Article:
The Ministry of Labor and Employment, under the Government of India, constitutes a committee to handle the powers and functions with respect to the said act. The committee constitutes of a chairman and its members who look after taking the decisions regarding various functionalities to the territory this act extends and most of the time its decision is considered final and binding. 

Functions of the Committee

  1. A Committee should be constituted which will look after: 
  • proposals, for making rules, regulations, and recommendations for the Central Government;
  • enquiring into accidents or other matters which are referred to it by the Central Government and make reports upon; and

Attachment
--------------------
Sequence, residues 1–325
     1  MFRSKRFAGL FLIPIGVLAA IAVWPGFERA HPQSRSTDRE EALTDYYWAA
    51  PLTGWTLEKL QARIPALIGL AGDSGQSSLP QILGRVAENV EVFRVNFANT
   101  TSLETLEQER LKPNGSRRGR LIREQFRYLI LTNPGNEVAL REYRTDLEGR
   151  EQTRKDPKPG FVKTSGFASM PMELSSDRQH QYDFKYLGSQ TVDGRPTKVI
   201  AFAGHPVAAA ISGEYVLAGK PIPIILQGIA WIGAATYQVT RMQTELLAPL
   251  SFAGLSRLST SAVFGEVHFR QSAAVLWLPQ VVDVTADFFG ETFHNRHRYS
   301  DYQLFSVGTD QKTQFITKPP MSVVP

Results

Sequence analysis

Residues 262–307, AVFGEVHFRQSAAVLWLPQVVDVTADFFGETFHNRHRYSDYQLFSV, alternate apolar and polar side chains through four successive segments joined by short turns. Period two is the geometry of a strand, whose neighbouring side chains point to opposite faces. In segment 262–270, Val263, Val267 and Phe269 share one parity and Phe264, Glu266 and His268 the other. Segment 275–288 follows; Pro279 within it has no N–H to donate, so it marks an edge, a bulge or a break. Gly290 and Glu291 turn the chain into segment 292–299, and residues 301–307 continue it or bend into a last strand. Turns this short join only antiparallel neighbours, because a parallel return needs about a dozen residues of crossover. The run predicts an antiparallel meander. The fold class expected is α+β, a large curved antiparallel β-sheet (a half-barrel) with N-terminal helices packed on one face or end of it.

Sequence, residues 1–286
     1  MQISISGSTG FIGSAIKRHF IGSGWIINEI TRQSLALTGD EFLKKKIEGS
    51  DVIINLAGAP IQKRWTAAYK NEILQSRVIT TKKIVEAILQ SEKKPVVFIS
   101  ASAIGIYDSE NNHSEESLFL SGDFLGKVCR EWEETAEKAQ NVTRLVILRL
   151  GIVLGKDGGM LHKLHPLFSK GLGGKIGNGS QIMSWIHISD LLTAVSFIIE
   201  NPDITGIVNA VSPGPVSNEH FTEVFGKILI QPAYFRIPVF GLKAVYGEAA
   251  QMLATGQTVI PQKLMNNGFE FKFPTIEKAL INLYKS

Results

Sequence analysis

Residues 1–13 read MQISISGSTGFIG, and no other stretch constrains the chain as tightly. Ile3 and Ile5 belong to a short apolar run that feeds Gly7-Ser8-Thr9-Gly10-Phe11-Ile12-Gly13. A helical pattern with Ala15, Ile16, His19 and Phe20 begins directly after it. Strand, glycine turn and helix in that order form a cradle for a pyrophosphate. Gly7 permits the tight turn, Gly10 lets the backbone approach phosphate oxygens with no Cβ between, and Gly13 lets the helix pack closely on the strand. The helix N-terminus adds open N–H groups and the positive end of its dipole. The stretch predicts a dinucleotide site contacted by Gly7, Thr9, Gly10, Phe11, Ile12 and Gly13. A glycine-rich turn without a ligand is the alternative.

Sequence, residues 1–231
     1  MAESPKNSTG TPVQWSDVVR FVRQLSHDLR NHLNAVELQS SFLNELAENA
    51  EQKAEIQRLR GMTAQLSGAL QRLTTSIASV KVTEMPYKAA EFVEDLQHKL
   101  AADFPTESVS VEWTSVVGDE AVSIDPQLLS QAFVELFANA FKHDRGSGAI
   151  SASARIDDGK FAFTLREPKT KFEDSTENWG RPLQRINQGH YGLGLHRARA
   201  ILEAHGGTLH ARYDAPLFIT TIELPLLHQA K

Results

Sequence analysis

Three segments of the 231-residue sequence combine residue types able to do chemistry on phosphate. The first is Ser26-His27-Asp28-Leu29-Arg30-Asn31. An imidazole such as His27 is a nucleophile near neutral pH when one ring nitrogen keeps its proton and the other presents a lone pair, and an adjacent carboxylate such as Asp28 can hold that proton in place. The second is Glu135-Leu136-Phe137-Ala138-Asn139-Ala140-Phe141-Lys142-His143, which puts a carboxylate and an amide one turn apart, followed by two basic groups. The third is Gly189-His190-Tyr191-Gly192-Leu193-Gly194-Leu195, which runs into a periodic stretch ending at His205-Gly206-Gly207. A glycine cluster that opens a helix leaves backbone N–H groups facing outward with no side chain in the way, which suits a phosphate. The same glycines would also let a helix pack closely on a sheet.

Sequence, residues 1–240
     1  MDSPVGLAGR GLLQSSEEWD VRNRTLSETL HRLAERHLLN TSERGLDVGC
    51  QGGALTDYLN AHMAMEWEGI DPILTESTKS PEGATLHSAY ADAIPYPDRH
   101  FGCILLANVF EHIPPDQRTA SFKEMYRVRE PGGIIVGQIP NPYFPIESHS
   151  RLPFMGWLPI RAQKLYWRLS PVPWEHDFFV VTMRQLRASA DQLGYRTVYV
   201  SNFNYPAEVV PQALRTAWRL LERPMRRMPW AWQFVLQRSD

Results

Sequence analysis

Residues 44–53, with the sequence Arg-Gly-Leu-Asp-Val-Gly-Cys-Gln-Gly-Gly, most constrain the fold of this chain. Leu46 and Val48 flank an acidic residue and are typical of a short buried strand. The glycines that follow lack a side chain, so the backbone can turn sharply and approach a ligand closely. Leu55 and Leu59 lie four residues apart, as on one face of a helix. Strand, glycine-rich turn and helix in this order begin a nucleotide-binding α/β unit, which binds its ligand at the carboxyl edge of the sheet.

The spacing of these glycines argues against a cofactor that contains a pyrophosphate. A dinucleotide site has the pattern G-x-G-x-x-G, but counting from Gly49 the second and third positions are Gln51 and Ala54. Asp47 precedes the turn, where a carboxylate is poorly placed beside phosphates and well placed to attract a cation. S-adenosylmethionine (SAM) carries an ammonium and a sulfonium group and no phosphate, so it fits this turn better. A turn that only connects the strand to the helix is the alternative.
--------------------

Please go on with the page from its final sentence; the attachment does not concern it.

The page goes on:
• hearing and deciding appeals or objections against notices or orders or the regulations, rules or bye-laws thereunder.

2. The Chief Inspector is not supposed to take part in the proceedings of the Committee regarding any appeal or objection against an order or notice made or issued by him or act in relation to any matter pertaining to such appeal or objection as a member of the Committee.

Powers, etc., of the Committees

A Committee is constituted should be exercise the powers of an Inspector for discharging its functions, have the same powers as are vested in a court under the Code of Civil Procedure, 1908 (5 of 1908) when trying a suit in respect of the following matters, namely:

  • discovery and inspection;
  • enforcing the attendance of any person and examining him on oath;